Warning: Light spoilers ahead for “Deep Water.”
The erotic thriller feels like a lost art that has been left in the 90s/early 2000s, something that the director of “Deep Water,” Adrian Lyne, would know more than most. After a 20-year absence from directing, Lyne is back with “Deep Water,” starring everyone’s favorite Covid couple, Ben Affleck and Ana de Armas. Remember the early Covid days of daily pictures showing Affleck and de Armas on their daily Dunkin runs? “Deep Water” has been in the can since before that and has been delayed numerous times before finally releasing on March 18. If that doesn’t say how much the pandemic has overstayed its welcome, I don’t know what will. “Deep Water” is the “Black Widow” of erotic thrillers but swaps the lackluster CGI-fest in the third act for practical effects (throwing a camera down a hill for a POV shot). For one reason or another, “Deep Water” is a fun watch, but whether or not it’s actually good is a whole other story.
Vic (Ben Affleck) and Melinda (Ana de Armas) are in the midst of what you may call a stagnant relationship. They don’t sleep in the same room, they play psychological mind games on one another —— even their child senses that something is up, and Melinda blatantly cheats on Vic in front of his face at any house party the couple, and seemingly all of their affluent friends, attend. Vic and Melinda are a part of the crowd that attends these parties that manage to look more boring than a high school prom. These parties include champagne being forced into your hand right after your coat is taken at the door and the “adult talk” that would put you to sleep at your family’s Thanksgiving gatherings. There’s more of a pissing contest at these parties than a business class full of student-athletes. For example, Vic and Melinda tell another couple that their daughter chose to attend public school over one of the posh academies. This is met with scoffs and passive-aggressive judgment of the decision of the school and to let their young daughter choose her school. Unfortunately, the anger you’ll feel hearing the passive-aggressive nature of these other couples is the last time you’ll feel anything in “Deep Water.”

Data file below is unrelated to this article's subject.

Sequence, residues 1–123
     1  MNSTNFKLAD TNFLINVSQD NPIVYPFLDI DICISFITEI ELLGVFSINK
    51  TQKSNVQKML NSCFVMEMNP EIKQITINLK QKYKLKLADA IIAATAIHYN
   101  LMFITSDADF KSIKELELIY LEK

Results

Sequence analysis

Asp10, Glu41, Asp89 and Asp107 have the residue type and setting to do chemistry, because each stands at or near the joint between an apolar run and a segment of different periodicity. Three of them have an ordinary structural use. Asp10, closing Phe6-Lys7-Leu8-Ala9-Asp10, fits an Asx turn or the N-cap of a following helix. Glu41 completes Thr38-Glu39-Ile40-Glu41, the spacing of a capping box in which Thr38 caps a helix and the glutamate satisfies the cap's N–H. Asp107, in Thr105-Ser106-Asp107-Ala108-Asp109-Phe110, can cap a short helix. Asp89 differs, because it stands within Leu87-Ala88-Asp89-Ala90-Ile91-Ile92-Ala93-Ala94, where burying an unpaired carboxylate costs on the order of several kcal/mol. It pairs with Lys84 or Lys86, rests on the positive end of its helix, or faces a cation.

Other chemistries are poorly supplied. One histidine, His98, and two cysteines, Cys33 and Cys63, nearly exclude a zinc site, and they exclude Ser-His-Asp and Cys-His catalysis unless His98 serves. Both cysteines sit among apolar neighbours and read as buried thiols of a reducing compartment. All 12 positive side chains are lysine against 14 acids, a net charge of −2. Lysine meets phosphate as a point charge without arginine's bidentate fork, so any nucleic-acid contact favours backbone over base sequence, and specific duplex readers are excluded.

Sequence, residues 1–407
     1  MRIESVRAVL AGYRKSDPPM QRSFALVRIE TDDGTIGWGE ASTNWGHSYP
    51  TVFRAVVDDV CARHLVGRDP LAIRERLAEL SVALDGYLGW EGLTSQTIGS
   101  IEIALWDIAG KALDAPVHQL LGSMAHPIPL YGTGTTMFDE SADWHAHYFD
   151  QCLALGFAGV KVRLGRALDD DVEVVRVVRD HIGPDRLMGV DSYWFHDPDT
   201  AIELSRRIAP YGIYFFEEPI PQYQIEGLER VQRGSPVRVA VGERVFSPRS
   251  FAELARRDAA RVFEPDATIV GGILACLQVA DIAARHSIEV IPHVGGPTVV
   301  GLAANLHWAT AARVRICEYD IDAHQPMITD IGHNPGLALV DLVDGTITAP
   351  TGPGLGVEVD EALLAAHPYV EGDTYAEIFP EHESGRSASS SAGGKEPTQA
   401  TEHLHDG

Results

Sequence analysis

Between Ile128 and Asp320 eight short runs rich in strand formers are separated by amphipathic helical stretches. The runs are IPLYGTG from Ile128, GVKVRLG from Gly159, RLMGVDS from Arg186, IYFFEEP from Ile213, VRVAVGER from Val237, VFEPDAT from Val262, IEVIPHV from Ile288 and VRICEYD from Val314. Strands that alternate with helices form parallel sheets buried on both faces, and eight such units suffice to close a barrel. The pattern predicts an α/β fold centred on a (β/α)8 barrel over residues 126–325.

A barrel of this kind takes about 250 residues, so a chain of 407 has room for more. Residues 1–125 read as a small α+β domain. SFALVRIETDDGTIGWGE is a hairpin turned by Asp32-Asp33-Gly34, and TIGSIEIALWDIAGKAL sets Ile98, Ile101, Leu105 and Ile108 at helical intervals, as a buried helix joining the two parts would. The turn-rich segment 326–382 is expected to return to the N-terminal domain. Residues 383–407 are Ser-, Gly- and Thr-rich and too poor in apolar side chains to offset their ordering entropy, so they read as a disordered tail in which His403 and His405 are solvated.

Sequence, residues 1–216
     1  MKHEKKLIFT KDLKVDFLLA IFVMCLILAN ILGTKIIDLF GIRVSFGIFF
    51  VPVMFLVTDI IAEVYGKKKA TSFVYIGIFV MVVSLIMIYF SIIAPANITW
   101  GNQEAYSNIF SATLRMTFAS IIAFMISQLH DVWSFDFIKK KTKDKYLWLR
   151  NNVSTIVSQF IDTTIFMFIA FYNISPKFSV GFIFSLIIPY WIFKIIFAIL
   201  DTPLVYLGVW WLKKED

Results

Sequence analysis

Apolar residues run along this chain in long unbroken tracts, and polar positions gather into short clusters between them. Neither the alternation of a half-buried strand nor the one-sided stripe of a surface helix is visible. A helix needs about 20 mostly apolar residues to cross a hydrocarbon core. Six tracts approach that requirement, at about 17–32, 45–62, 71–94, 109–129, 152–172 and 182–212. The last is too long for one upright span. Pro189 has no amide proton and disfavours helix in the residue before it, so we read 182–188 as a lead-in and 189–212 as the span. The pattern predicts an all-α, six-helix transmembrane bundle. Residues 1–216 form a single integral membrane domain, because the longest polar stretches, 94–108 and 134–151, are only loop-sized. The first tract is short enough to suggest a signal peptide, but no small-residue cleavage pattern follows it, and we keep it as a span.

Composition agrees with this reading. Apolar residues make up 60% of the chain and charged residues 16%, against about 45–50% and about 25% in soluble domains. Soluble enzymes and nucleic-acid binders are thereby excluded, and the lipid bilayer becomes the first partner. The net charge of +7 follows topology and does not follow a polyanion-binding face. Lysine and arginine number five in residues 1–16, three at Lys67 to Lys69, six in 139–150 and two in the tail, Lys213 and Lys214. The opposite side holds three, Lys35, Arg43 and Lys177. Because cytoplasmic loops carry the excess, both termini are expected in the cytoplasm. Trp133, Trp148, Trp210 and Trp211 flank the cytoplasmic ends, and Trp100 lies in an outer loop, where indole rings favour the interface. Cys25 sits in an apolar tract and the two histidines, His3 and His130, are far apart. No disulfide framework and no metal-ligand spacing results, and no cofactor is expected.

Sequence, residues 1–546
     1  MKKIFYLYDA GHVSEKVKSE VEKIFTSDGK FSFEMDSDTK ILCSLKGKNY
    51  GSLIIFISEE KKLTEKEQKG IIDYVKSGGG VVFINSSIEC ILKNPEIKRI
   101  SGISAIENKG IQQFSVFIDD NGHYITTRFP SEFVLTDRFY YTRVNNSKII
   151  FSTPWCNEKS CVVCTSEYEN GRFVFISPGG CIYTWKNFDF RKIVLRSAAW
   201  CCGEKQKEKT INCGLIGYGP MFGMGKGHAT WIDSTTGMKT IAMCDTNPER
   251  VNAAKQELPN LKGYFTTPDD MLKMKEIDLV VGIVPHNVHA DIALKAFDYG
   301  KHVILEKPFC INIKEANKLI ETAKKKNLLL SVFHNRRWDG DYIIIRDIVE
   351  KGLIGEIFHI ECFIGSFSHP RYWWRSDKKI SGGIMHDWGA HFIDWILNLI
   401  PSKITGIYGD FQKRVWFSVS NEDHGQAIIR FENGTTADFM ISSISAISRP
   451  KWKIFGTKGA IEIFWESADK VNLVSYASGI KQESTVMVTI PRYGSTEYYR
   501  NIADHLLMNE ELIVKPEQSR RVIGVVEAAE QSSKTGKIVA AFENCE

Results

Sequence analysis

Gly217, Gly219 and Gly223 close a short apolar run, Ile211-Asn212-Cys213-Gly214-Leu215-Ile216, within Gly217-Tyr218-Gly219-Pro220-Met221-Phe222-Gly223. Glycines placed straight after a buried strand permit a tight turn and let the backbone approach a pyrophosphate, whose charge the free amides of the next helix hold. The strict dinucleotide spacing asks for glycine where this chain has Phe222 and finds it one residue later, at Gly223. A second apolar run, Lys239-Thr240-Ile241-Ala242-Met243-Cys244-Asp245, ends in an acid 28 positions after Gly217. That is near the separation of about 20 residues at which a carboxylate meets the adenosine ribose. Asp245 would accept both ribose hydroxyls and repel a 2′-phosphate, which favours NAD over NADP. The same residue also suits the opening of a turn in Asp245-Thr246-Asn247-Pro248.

The film kicks off with us meeting Vic as he returns home putting his bike away and is greeted by Melinda, who appears to be waiting for him. With a face that exemplifies being caught with a hand in the cookie jar, the film cuts and this is seemingly an afterthought. It will come back to the surface eventually, but onto the complex story!
Affleck plays Vic, the husband who is seemingly just trying to keep the marriage together, going as far as letting Melinda cheat on him (I guess most of us would also let Ana de Armas cheat on us). But there is more to Vic than meets the eye, and the film makes it quite clear that he may just be a psychopath. Maybe it’s the same issue that “Death on the Nile” ran into; the source material that “Deep Water” is based on is from 1957 and while the novel may hide Vic’s devilish side with some subtly, it’s pretty clear that there’s some foul play at hand on Vic’s behalf.
Nevertheless, Affleck is one of the great Hollywood actors, thus he is fine as Vic. On one side of the coin, he can be a welcoming human being that you want to crack open a cold one with. On the other, his threats that “aren’t threats” will send chills down your spine. But don’t you worry, as he assures us in the film, Vic isn’t a rude guy, he makes lobster bisque.